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By Steve Limtiaco

HAGATNA, Guam (Pacific Daily News, June 16) - The Federal
Emergency Management Agency has agreed to pay most of the governor's rent at the
Pacific News Building for another six months, according to the governor's

Storm damage to the governor's complex at Adelup prompted newly
elected Gov. Felix Camacho to move his office and other government offices to
the Pacific News Building. FEMA officials agreed to pay most of the rent for six
months -- an arrangement that expired June 6.

Supertyphoon Pongsona hit the island Dec. 8, causing heavy
damage to buildings, property and infrastructure.

The governor's staff, central files personnel, community
outreach office, the Medical Referral Office, the Bureau of Budget and
Management Research and the Bureau of Planning and Statistics all moved to the
Pacific News Building, occupying offices on several different floors. The
Passport Office, which was located at Tiyan, moved to the Pacific News Building
as well, and shares space with the Medical Referral Office and community
outreach workers.

Rent is $52,800 per month.

The Adelup complex still is not ready to be occupied and
governor's spokesman John Dela Rosa said FEMA officials recently extended
funding for rent through Dec. 6.

Dela Rosa said the governor's office has been paying the entire
rent cost out of its budget, but said the federal agency will reimburse 90
percent of that cost.


Camacho said the main hurdle to returning to Adelup is meeting
insurance requirements so FEMA officials will release the $1.7 million necessary
to restore Adelup to its pre-typhoon condition.

The governor said the administration plans to have that issue
resolved by August so requests for proposals can be issued for the repair work.

"We want to get out of this building (the Pacific News
Building) as soon as possible. Adelup is where we should be; however the cost
involved, the insurance issues and all the other priorities are what we're faced
with at this point," the governor said.

Camacho said he would like to see other federally funded hazard
mitigation projects at Adelup, beyond the $1.7 million in typhoon-related
repairs, but said he is committed to moving back to Adelup even if those extra
projects do not happen.

Although the federal agency will provide rental assistance until
early December, Camacho said he is ready to move before then if Adelup is ready.

With respect to the future of Adelup, Camacho said a thorough
assessment will be done to help determine whether it would be cost-effective to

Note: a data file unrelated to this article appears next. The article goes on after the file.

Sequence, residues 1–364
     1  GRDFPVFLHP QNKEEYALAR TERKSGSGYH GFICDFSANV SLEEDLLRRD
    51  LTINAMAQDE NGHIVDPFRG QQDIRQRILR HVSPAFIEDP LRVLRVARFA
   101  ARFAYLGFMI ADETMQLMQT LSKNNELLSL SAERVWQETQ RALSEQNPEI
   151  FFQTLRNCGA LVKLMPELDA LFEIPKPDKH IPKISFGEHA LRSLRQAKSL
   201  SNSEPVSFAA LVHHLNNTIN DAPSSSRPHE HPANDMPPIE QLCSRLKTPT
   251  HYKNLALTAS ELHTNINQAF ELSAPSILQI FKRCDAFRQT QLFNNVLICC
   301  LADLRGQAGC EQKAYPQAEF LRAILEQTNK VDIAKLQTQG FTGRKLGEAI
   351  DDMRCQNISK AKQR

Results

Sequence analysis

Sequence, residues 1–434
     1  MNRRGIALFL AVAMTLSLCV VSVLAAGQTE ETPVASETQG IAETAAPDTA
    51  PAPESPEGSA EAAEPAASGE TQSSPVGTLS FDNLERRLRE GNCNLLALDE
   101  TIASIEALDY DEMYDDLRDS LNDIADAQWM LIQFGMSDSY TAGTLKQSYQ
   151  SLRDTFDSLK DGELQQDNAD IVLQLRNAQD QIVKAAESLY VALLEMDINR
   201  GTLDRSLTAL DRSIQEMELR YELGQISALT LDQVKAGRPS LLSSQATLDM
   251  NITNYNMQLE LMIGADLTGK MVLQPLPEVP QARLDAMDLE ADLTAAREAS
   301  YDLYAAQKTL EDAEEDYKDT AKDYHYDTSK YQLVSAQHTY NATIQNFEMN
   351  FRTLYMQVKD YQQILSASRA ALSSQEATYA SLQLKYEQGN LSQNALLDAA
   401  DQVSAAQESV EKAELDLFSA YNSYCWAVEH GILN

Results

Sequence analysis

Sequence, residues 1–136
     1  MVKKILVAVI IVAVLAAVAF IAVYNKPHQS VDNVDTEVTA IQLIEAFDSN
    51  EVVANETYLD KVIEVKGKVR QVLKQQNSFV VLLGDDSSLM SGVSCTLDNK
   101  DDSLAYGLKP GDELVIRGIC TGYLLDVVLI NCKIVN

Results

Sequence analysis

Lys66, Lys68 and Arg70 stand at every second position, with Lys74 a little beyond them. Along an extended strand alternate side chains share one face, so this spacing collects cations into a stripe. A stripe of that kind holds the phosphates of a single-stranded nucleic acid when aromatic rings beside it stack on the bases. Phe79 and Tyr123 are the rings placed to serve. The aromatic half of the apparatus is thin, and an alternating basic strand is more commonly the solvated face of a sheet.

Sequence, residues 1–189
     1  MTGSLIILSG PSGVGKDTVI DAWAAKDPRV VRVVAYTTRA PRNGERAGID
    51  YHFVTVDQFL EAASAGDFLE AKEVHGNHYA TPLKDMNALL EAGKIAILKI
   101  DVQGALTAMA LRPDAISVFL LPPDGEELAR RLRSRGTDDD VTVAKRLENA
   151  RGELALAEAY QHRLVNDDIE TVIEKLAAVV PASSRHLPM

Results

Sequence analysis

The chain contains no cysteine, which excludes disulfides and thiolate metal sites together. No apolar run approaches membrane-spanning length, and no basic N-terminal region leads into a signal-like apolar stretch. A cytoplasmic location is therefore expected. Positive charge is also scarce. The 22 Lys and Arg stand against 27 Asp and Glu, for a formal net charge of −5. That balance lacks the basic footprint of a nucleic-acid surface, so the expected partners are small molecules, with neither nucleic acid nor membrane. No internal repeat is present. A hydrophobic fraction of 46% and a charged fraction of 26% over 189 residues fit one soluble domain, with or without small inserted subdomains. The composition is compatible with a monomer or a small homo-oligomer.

keep the existing structure or to explore other options.

The Mayors' Council of Guam moved its central office out of
Adelup as well, and lawmakers appropriated $32,000 so the council could rent
office space for the rest of this fiscal year.

But the council was using free space at the Asan mayor's office
and held mayoral meetings at the Sinajana mayor's office until recently, said
council administrative assistant Mary Cruz Sablan.

The council moved into an office at Ada's Commercial and
Professional Center in May, Sablan said, at a cost of $3,167.10 per month.

By moving, mayors traded free space with phone service for
rented space without phone service.

Although the council has a new office, it does not have phone
service because Guam Telephone Authority refuses to install new lines because of
the council's existing phone debt.

Sablan said the telephone agency first wants the council to
settle an existing $9,000 phone bill, which includes delinquent payments for the
19 village mayors' offices.

Mayors communicate with the new central office by cellular phone
or by radio.

Mayors' Council president and Yigo Mayor Robert Lizama said the
council needed to rent its own space because continuing to work out of Asan was
impractical. He said the council needs a place to keep personnel and procurement
documents and other files, and a proper meeting place for the mayors.

He said the council continues to work to establish phone
service, including finding money within its existing utilities budget to pay the
phone debt. He said Sen. John Quinata, D-Talofofo, has been helping out by
allowing the council to use phones and a fax machine at his office, which is two
doors away.

The money appropriated for rent can be spent only on rent, and
only until the end of September, according to the council. That means about half
of the $32,000 appropriation will not be sp

June 17, 2003

Pacific Daily News: www.guampdn.com 

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